Defense

The Russian Forces on Ukraine's Border May Not Be as Formidable as They Look


Russian military academy cadets march at the Red Square in Moscow, on May 9, during a Victory Day parade

Photograph by Kirill Kudryavtsev/AFP via Getty Images

Russian military academy cadets march at the Red Square in Moscow, on May 9, during a Victory Day parade

The showdown in Ukraine has put on display a Russian military that’s dramatically better financed, better trained, and better equipped than it was just a few years ago.

Russia’s defense spending has more than doubled over the past decade. In 2013 it surpassed the U.S. as the major country devoting the greatest share of its national economy to defense—some 4.1 percent, vs. 3.8 percent in the U.S., according to data compiled by the Stockholm International Peace Research Institute. Poorly disciplined draftees are gradually being replaced by professional soldiers, including crack troops sent into Ukraine’s Crimea region. Hundreds of billions of dollars are to be spent on arms procurement over the next few years.

Small wonder Ukrainian President Petro Poroshenko is seekinga ceasefire rather than risk conflict with his neighbor to the east.

Yet the Ukraine crisis also highlights some limitations on Russia’s military capabilities. Most of the nearly 40,000 troops camped near the Ukrainian border are probably conscripts, who still predominate in Russian ground forces, says Johan Norberg, an analyst at the Swedish Defense Research Agency who studies the Russian military. Conscripts serve only 12 months, barely enough time to become trained. And while Russia has modernized some of its airborne and seaborne weaponry, Norberg says, “in the ground forces, much of the equipment remains old.”

Russia also lags the West in critical defense sectors, such as shipbuilding and communications. It relies on Europe for some high-tech gear, making it vulnerable to possible sanctions if the Ukraine crisis should escalate. In 2012, Moscow bought €194 million ($263 million) in arms from European Union member countries, with electronics and imaging equipment accounting for more than half the total. And it’s spending $1.9 billion to buy two Mistral warships from France.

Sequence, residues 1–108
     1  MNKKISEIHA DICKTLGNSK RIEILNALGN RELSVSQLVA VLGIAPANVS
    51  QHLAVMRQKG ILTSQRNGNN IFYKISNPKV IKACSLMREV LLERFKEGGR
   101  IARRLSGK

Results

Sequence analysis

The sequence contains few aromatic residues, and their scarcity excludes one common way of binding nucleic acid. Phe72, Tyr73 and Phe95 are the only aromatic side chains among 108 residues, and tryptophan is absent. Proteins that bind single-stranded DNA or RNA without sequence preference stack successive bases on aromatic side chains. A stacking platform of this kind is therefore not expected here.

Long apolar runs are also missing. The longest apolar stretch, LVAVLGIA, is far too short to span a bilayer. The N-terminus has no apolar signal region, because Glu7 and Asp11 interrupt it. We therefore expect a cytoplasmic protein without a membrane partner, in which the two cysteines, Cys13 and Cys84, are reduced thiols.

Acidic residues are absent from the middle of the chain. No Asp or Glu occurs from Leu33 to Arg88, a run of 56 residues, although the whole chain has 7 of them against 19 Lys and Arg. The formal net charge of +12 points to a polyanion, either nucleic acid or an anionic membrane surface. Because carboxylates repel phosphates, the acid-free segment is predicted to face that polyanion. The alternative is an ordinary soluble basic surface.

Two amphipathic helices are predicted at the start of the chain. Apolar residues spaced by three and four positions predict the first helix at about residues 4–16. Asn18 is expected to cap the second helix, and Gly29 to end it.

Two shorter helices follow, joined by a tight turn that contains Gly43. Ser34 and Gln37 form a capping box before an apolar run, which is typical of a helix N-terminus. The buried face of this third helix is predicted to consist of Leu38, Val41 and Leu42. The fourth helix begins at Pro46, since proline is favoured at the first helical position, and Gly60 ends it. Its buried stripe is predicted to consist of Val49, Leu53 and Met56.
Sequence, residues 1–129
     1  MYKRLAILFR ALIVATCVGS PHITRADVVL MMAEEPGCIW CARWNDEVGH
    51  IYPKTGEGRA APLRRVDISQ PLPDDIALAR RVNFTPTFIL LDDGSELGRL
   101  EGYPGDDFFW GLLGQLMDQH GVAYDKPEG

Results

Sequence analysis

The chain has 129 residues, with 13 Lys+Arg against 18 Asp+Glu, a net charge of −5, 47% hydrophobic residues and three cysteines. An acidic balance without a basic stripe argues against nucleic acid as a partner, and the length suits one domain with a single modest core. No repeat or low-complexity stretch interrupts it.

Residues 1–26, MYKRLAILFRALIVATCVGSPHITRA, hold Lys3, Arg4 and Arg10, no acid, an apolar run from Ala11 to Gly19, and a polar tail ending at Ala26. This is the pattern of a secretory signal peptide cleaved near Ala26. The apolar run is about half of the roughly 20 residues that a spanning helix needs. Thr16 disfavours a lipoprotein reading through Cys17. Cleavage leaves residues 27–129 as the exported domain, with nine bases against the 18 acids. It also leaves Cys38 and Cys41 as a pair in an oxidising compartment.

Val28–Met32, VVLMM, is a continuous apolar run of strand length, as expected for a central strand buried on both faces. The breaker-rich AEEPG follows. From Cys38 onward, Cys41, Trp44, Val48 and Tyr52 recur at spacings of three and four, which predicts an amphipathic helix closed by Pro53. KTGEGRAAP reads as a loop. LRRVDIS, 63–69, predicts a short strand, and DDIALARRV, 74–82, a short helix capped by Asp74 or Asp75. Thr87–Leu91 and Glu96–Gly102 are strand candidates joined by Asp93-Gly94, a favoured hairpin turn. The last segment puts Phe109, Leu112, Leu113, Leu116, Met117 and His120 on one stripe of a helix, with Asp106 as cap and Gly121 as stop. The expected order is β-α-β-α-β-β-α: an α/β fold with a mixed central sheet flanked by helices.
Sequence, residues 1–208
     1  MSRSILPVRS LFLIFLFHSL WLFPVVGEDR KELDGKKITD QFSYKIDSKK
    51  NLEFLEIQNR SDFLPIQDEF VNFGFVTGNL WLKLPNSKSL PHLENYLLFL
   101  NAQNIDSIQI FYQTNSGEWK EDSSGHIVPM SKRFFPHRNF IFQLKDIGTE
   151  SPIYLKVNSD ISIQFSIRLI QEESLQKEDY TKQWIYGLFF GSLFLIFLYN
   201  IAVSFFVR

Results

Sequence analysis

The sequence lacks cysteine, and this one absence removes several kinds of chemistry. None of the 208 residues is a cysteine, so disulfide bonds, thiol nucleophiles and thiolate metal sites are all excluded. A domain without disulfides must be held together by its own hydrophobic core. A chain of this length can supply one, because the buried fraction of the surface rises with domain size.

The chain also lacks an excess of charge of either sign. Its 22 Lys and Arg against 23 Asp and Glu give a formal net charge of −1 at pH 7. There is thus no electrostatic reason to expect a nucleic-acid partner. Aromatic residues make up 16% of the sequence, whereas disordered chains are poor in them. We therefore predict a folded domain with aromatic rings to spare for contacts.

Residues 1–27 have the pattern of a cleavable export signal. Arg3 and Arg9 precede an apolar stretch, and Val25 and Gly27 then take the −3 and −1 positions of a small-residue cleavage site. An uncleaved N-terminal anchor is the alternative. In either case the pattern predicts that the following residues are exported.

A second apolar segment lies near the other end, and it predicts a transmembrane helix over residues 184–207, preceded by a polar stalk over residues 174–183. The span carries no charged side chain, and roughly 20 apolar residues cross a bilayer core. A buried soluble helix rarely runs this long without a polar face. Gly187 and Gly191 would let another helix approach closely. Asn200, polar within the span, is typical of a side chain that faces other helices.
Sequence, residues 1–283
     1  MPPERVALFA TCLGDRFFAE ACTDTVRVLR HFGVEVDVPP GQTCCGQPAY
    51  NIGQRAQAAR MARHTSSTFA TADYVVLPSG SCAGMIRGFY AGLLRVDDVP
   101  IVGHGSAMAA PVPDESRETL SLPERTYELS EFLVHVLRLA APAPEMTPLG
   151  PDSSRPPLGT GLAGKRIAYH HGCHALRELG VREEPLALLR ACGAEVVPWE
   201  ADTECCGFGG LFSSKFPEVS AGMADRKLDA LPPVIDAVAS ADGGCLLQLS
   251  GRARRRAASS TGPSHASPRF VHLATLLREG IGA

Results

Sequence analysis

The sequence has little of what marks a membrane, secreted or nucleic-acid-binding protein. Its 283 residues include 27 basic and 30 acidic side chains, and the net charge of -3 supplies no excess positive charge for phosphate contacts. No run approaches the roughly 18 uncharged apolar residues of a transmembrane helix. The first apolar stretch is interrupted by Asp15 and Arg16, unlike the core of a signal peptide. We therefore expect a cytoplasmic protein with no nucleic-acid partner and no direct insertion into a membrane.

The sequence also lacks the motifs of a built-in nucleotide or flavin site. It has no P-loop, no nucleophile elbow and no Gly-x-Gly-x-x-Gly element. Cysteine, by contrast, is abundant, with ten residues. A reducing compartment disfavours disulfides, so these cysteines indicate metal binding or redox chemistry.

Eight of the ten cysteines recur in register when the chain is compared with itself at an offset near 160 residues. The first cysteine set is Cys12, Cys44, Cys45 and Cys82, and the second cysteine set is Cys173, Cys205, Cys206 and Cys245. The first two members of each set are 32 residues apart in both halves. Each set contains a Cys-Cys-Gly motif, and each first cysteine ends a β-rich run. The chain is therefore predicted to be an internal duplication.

Although Moscow wants to build more of its own equipment, research and development is lacking. “The government has so far failed to modernize the civilian research sector, and for the defense sector even less progress has been made,” the Swedish Defense Research Agency said in a review of Russian military capability published last December. Despite increased spending, Russia “will be unable to remedy existing structural problems” for at least another decade, the report says.

Russia also relies on imports from Ukraine, including such key equipment as nuclear warheads and helicopter engines. Ukraine’s military sales to Russia total about $600 million annually, according to Ukrainian military consultancy Defense Express.

While Russia now spends an estimated $87.8 billion annually on defense, Ukraine is only one of several conflicts competing for those resources. Unrest is continuing in the Caucasus, as evidenced by the 70,000 police and military forces stationed around Sochi during the Winter Olympics. Georgia, which fought a five-day war with Russia in 2008, is now seeking fast-track NATO membership. And NATO members in Eastern Europe are stepping up their defense spending, aided by a promised $1 billion from the U.S. “Russia sees enemies all around,” Norberg says. “They can’t commit too much to any one operation.”

Matlack is a Paris correspondent for Bloomberg Businessweek.

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